A new study by a group of researchers from the Department of Computer Science at the North Carolina State University has discovered that more than half of the ad libraries used by Android developers pose security risks and raise privacy concerns because of  the questionable types of data they collect.

The team studied 100,000 apps from Google Play and identified 100 different 3rd party in-app ad libraries commonly used by Android app developers. Further research into the ad libraries themselves showed that many contained inherent privacy and security risks ranging from uploading private information to remote servers to executing untrusted code downloaded directly from the Internet.

Most ad libraries collect a selection of data from a user’s phone to help create targeted adverts, however, the North Carolinian team found that many libraries collect far too much data, including records of the the user’s call logs, the device’s phone number, the browser bookmarks, and even the list of apps installed on the phone.

On top of this, it was also discovered that some libraries make use of insecure mechanisms to directly download and run code from the Internet, without any system to verify the validity of the downloaded code or its authenticity. Such systems are an inherent security risk.

“Our investigation indicates the symbiotic relationship between embedded ad libraries and host apps is one main reason behind these exposed risks. These results clearly show the need for better regulating the way ad libraries are integrated in Android apps,” wrote Michael Grace in the report.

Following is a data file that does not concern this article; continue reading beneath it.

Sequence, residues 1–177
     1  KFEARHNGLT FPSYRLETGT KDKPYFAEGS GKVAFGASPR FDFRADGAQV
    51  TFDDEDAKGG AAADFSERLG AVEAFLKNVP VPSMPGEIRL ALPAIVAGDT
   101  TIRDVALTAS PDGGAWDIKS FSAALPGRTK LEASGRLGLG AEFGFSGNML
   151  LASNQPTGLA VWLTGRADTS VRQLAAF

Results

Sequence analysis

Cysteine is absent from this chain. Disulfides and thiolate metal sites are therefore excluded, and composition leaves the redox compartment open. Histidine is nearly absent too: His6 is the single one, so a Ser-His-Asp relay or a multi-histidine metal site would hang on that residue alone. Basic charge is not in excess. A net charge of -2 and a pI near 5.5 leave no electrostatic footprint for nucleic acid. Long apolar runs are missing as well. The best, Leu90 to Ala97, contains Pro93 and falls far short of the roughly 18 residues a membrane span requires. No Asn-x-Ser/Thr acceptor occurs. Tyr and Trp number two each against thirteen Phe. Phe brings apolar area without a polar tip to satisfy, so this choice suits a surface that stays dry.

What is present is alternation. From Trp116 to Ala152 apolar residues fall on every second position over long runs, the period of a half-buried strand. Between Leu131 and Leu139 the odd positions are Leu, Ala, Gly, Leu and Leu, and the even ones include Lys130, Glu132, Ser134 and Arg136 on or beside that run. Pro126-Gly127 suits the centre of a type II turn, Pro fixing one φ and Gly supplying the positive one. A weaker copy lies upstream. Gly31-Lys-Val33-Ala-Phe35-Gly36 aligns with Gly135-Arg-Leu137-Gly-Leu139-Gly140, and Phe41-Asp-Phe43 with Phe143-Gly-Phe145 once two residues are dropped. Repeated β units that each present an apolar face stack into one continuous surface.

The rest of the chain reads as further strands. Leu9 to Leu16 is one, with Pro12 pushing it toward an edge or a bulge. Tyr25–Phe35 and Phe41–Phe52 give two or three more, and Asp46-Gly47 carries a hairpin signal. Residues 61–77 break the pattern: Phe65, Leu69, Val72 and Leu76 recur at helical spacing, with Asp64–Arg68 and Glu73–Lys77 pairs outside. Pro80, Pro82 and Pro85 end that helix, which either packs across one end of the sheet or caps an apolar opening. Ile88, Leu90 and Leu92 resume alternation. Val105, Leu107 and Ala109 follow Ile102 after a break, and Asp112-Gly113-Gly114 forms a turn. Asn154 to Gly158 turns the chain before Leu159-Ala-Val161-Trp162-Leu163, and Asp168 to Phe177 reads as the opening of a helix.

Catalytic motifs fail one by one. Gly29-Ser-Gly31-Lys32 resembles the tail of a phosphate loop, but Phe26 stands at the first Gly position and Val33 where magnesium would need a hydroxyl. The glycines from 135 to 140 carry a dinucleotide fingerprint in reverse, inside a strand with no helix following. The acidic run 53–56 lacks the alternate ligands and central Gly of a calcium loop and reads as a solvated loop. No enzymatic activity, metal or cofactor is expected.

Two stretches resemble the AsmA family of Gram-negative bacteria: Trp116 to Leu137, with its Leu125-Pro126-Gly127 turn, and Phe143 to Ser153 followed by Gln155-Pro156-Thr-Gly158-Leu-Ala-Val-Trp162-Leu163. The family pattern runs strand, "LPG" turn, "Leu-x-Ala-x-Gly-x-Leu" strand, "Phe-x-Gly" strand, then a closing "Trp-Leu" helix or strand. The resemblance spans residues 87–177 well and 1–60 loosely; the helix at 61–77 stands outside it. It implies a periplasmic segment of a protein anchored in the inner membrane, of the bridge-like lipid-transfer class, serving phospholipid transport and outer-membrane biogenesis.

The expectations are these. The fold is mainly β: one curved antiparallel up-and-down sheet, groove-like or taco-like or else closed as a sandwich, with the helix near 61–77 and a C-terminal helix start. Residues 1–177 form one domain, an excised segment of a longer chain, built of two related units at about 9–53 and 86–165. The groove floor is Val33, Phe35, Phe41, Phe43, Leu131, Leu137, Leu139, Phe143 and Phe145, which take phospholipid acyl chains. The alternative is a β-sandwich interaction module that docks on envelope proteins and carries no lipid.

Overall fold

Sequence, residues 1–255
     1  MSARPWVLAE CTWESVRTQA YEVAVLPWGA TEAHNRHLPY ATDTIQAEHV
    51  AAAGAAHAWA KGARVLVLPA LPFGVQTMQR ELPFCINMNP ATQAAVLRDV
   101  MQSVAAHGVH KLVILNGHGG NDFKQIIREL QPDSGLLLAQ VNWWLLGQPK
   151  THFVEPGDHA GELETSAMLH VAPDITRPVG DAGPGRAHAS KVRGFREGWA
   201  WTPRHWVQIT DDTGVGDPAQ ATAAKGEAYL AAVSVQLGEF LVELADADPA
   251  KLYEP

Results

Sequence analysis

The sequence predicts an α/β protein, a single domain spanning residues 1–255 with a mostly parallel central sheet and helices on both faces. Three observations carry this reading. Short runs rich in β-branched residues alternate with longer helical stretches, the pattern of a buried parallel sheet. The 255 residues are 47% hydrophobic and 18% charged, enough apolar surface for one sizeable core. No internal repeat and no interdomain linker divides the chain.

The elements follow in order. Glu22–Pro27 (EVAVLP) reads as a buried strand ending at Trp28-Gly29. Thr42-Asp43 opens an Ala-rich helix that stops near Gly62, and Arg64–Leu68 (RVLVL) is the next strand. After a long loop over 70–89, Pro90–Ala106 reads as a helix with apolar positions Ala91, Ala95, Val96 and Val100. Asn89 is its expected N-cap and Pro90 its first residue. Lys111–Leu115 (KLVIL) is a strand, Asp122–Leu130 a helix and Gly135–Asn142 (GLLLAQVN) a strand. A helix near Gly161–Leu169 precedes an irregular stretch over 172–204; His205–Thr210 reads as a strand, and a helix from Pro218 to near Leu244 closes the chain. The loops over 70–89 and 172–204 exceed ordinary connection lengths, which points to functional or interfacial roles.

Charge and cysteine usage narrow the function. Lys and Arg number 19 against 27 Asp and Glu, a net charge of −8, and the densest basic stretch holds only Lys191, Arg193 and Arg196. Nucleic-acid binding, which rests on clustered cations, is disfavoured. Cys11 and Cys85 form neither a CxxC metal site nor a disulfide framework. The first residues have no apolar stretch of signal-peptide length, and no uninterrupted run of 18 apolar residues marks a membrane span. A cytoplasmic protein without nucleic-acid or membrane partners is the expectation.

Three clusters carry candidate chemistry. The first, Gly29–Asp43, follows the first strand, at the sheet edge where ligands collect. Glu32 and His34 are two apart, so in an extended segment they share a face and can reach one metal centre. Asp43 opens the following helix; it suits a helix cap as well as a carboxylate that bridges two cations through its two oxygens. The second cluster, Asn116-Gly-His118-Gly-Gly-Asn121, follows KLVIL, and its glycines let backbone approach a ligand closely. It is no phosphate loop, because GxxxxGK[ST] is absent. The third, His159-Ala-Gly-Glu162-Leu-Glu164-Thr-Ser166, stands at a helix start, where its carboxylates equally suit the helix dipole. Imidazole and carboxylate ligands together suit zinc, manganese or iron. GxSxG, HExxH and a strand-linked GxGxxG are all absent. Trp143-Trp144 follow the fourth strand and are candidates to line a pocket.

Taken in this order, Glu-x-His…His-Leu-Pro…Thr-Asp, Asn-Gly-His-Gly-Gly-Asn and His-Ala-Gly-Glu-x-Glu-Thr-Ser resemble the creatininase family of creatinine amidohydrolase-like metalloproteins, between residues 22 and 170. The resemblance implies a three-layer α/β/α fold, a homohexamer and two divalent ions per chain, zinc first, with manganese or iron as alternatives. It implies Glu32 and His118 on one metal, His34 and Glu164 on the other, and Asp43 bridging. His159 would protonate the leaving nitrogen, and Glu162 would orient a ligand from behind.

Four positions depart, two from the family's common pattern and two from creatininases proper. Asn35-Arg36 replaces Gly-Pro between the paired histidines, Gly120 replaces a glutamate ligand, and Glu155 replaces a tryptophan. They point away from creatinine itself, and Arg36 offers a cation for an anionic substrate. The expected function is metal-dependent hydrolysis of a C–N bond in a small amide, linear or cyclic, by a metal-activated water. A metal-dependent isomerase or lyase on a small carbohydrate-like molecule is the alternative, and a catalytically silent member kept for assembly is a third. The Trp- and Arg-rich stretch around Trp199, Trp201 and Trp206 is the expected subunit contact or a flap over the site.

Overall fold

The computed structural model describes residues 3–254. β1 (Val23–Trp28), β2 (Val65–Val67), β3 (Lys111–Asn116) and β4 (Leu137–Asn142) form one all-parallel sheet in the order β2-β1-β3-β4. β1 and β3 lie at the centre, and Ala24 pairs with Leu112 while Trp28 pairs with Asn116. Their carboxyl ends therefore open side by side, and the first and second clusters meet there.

Other than using the GPS to determine the users’ location (and hence target users with location based adverts), the team found that some libraries performed more insidious actions:

  • The Sosceo ad library collects the user’s call history and transmits some of it to the Internet.
  • A large number of ad libraries use an Android API call that retrieves the user’s phone number
  • The Mobus ad library reads through the user’s SMS messages to determine which text-messaging service center they use
  • Some ad libraries (including waps) upload a list of all the installed apps on the phone

Untamed Javacript running inside ads

Mobclix, one of the most popular ad libraries, tries to offer an advantage over it competitors by giving advertisers access to most of the sensors and data on a phone via Javascript calls. To be fair to Mobclix, most of these calls are implemented in such a way that user confirmation is requested when an ad tries to access sensitive information. However, some functions have slipped through the net. For example, one GPS function allows the ad to define a callback that is run whenever a user moves more than a short distance from their previous position. The user is never asked for their consent or notified about this behavior.

Random downloads to your phone

Five of the 100 identified libraries contain functionality that downloads and runs code from the Internet. Such behavior opens up the possibility for unscrupulous third parties to offer malicious code, which is innocently downloaded by the Android app and run on the device. In one instance, the team discovered an ad library embedded in several apps which downloaded a .jar file containing code to listen to remote commands and turn the host app into a bot. The team actually reported these discoveries to Google, which quickly removed seven incriminated apps from Google Play.

More needed from Google

App developers should stick with well-known and trusted ad companies and Google should offer a certification scheme to approve ad libraries. Once a library is embedded into an app, even the most honest developer leaves their app open to the actions of the ad network.

Gary Sims
Gary has been a tech writer for over a decade. Prior to that, he had over 10 years of experience as a software engineer.